On Sat, Sep 25, 2010 at 12:29 PM, Mark Tuson <markfptuson@gmail.com> wrote:
The first question is: how can I get the C compiler to work properly? When I've tried to compile programs, I get 'cannot create temp'
Try checking to see if there is any disk space left on the root RL device.  It may be full -- these were tiny by today's standards -- disk drives.  10 Mb, if I recall correctly.
The other possibility is that the /tmp directory has the wron permission.  It should be read/write to all (drwxrwxrwx).  If not, try running chmod 0777 /tmp as root, then try compiling again.

Also, how can I get the backspace key to erase? I've done stty erase '^H' but I have to actually type <CTRL>+H to erase.

The other thing I want to ask about is: can I compile SIMH on DOS, so it doesn't display any messages except those of the simulated software, and so it ignores ^E?
You can fix the control E problem by running the command
... where char is the charcter you wish to use.  (WRU stands for "where are you" according to the SIMH documentation http://simh.trailing-edge.com/pdf/simh_doc.pdf).
I'm asking because I want v7 on an ancient laptop I've got lying around - a 486 with 24M of core. v7x86 won't work on it, and I don't really fancy putting Slack 3 back on it - if I'm going to go outdated, I might as well go the whole hog and go really outdated.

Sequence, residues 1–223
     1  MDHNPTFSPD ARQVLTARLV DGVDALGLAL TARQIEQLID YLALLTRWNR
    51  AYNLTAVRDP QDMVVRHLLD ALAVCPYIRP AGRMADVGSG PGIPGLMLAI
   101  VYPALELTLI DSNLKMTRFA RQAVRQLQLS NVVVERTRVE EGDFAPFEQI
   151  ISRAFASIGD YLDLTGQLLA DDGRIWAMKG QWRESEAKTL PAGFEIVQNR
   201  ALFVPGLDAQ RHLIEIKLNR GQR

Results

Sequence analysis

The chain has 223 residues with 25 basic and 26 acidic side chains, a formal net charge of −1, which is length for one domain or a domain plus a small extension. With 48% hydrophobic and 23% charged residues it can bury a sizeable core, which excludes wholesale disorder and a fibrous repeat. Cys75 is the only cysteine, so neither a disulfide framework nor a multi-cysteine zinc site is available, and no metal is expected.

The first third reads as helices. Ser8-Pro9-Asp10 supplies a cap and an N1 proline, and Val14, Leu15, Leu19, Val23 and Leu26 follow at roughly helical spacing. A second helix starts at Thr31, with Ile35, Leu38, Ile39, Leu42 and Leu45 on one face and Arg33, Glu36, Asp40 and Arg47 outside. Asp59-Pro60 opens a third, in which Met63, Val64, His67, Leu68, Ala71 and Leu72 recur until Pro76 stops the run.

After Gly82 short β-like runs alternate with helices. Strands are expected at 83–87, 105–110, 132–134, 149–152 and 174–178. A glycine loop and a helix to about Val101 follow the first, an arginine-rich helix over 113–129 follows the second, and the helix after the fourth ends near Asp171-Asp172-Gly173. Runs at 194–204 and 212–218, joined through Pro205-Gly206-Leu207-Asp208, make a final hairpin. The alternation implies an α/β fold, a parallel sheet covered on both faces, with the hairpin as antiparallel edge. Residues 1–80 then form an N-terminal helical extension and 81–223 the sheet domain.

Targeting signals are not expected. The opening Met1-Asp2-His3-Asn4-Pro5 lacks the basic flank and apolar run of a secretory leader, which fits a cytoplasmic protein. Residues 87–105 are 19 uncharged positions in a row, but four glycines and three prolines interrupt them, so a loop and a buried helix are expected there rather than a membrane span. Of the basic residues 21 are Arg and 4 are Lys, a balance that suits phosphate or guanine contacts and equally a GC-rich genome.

Though I might consider 2.11BSD, if that'll work on a machine with 24M of core, and if the escapes will display properly, because
The biggest PDP-11 had 4 Mb of memory, so you certainly won't be limited there.  I suspect that if you run nothing else,on the machine you will get fair perfomance on the emulated PDP-11.  2.11 BSD should run.
As far as your other terminal problems, you probably just need an appropriate setting for the TERM environment variable to get vi to work.  Usually TERM=vt100 works, but your mileage may vary.
Real men use ed, though!    I always amaze people by being by being able to use ed.  Of course, that's because I'm very old -- old enough to have actually used V6 on a real PDP-11.  I think I'll take a nap now.

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